We design landscape strategies that respond deeply to context — ecological, cultural, and economic — integrating people and the environment.
Over the last 15 years SMM has established itself as a leading practice of landscape architecture and urban design with offices in New Orleans and Sydney.
SMM aspires to cultivate environmentally and culturally responsive landscapes. We want to make cities more livable. We primarily work in the public realm, and are focused on connecting with communities as a foundational part of our design process.
As landscape architects we are on the front lines of climate change. Our practice was founded in the work of rebuilding New Orleans’ neighborhoods after Hurricane Katrina.
Disasters caused by climate change are happening faster than we can rebuild. While we slowly build a new world, we will have to look to the community level to build the capacity to thrive in the coming decades of climate change impacts. We work with communities to plan for the mitigation of environmental hazards in a way that protects their social and cultural resources.
We listen to the voices of community members who have been historically marginalized to understand how to best adapt resilience strategies so that they work for everyone. We examine how traditional landscapes can be transformed into community assets that serve multiple functions. We are champions of a shift in the resilience planning and design paradigm that is highly adaptive, responsive and community-based.
Where We Work
Understanding the Landscape
We believe that civic space should be inclusive, dynamic and authentic to the local culture and environment. They should inspire us, entertain us, offer places for recreation and relaxation, bring people together and function as the heart of a community.
Context drives our design process. We start each project with our feet, walking the site and observing its scale and rhythms; with our ears, listening to the community and learning about their aspirations and culture; with our eyes, examining the textures, the colors, the views and the way people use a space. We research the vernacular design language and cultural traditions, as well as the dynamic processes of the ecoregion and the urban patterns of a site. From this analysis we begin to build a responsive design language that authentically reflects the site and the client.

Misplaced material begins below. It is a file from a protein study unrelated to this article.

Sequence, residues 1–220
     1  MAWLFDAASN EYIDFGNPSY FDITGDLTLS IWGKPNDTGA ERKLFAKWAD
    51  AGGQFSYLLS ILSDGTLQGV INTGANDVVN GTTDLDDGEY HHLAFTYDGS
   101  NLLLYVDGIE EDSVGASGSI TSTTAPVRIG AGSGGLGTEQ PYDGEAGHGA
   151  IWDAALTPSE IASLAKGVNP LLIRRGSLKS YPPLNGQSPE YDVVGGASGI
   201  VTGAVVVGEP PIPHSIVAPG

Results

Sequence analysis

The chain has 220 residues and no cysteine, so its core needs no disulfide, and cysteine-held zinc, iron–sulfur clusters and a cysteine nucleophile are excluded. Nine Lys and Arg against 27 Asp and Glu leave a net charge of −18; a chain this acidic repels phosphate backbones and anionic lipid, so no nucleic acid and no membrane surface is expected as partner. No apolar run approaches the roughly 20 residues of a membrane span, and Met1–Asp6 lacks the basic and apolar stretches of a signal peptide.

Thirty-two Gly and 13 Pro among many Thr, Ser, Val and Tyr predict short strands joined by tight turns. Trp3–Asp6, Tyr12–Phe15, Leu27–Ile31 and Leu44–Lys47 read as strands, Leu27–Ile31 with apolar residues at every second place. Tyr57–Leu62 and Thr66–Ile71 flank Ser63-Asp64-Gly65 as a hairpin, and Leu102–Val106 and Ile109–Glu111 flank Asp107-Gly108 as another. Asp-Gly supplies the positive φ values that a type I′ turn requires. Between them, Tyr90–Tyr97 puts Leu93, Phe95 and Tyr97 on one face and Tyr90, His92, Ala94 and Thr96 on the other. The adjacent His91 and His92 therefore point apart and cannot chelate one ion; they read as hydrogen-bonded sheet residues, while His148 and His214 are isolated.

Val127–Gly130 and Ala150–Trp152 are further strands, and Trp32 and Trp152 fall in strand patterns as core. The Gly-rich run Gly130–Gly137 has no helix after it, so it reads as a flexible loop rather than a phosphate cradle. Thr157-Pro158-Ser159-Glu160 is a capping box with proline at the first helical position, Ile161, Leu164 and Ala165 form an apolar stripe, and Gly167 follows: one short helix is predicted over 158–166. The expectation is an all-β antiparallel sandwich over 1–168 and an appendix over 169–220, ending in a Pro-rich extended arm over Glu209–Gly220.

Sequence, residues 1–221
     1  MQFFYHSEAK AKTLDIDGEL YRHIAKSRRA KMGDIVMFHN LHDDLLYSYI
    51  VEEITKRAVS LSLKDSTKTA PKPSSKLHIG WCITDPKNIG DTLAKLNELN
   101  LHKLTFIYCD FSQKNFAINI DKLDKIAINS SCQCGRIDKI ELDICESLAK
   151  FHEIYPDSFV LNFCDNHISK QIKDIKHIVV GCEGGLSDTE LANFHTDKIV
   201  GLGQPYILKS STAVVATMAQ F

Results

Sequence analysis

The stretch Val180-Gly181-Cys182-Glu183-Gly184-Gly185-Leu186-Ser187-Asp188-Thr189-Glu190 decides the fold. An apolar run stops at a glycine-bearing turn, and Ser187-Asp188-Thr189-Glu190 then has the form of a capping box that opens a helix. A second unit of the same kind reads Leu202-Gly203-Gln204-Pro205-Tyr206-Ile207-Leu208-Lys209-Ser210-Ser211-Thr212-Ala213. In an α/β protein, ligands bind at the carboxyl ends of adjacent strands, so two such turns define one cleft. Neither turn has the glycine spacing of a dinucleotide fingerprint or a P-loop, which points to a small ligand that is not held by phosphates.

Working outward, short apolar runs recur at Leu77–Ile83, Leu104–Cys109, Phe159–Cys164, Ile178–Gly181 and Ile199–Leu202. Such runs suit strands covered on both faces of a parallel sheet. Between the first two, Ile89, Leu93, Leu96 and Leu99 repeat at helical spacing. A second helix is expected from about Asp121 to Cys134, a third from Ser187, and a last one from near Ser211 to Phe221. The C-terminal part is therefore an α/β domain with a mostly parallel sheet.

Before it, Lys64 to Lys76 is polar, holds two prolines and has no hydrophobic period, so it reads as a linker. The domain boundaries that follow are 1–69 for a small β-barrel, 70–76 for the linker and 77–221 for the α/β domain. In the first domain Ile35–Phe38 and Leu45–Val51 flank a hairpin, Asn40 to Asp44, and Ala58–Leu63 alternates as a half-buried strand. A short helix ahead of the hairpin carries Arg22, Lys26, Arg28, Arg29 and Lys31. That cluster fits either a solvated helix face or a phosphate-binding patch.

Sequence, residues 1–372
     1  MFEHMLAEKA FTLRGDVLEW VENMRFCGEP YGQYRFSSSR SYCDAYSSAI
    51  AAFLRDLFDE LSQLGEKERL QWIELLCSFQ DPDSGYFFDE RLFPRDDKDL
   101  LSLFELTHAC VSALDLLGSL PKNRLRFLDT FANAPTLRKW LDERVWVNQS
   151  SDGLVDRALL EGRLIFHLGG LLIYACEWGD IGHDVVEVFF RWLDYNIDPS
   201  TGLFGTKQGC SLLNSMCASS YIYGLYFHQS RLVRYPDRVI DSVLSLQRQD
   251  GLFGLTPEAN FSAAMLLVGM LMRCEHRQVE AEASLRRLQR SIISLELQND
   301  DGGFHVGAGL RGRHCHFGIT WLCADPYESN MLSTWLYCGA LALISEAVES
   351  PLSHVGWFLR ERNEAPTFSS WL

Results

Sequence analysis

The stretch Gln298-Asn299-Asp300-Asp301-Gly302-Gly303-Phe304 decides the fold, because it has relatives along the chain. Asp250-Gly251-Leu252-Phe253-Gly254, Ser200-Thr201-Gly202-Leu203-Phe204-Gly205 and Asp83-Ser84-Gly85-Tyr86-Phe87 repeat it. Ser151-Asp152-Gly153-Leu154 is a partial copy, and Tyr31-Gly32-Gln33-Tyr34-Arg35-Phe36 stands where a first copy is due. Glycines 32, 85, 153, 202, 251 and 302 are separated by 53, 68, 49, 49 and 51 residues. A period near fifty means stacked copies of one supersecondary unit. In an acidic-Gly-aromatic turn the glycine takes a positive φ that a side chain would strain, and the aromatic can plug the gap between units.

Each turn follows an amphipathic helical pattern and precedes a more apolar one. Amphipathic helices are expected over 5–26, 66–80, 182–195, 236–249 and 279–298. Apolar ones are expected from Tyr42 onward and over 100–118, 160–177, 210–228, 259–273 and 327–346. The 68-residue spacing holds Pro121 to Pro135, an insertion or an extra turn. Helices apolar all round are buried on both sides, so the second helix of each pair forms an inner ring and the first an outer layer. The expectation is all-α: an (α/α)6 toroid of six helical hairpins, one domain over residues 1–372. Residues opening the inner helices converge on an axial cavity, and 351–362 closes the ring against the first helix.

At the same time we research the history of the site: exploring old photographs, newspaper articles, site maps, and other information about the area. We look into the artistic and vernacular history of the region to understand what kind of art is made, and what kind of buildings are built, what kind of cultural landscapes were created. And we look into the ecology—and both the physical and cultural geography—of the region for systems and patterns that might inform the design.
Most importantly, a design language is built in collaboration with the community and the client, offering a unique and enlightening way of understanding the places where people live. Drawing from the experiences and understanding of the site and culture, we strive to create a real sense of ownership in the project. One thing we know from experience: successful and long-lived projects are those that are embraced and loved by the community.
We believe landscapes are a living continuum and intentional design begins with the future in mind.
A building is ‘complete’ on the day of the ribbon cutting, while for a landscape, the ribbon-cutting is just the beginning. Landscapes are living systems, they evolve and grow and change over time. Our approach is based on a view that landscapes are cultivated rather than constructed, and that the long-term management of a landscape should be integrated into every design consideration.